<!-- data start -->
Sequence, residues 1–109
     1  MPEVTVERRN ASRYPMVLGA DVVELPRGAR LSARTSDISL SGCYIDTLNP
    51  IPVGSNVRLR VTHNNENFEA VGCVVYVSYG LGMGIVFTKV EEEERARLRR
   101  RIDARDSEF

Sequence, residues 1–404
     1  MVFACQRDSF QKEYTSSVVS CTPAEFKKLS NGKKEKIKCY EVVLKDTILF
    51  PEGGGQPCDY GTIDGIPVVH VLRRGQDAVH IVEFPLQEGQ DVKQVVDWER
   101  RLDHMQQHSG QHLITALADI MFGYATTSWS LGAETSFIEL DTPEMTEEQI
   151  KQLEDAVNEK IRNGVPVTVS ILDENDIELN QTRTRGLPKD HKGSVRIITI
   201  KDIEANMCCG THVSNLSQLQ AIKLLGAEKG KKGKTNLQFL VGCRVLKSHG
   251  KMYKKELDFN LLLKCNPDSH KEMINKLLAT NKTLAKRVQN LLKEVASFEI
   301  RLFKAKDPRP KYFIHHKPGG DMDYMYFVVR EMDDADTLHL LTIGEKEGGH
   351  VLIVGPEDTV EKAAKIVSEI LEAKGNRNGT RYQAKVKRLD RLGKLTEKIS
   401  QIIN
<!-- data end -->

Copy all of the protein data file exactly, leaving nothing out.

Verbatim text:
Sequence, residues 1–109
     1  MPEVTVERRN ASRYPMVLGA DVVELPRGAR LSARTSDISL SGCYIDTLNP
    51  IPVGSNVRLR VTHNNENFEA VGCVVYVSYG LGMGIVFTKV EEEERARLRR
   101  RIDARDSEF

Sequence, residues 1–404
     1  MVFACQRDSF QKEYTSSVVS CTPAEFKKLS NGKKEKIKCY EVVLKDTILF
    51  PEGGGQPCDY GTIDGIPVVH VLRRGQDAVH IVEFPLQEGQ DVKQVVDWER
   101  RLDHMQQHSG QHLITALADI MFGYATTSWS LGAETSFIEL DTPEMTEEQI
   151  KQLEDAVNEK IRNGVPVTVS ILDENDIELN QTRTRGLPKD HKGSVRIITI
   201  KDIEANMCCG THVSNLSQLQ AIKLLGAEKG KKGKTNLQFL VGCRVLKSHG
   251  KMYKKELDFN LLLKCNPDSH KEMINKLLAT NKTLAKRVQN LLKEVASFEI
   301  RLFKAKDPRP KYFIHHKPGG DMDYMYFVVR EMDDADTLHL LTIGEKEGGH
   351  VLIVGPEDTV EKAAKIVSEI LEAKGNRNGT RYQAKVKRLD RLGKLTEKIS
   401  QIIN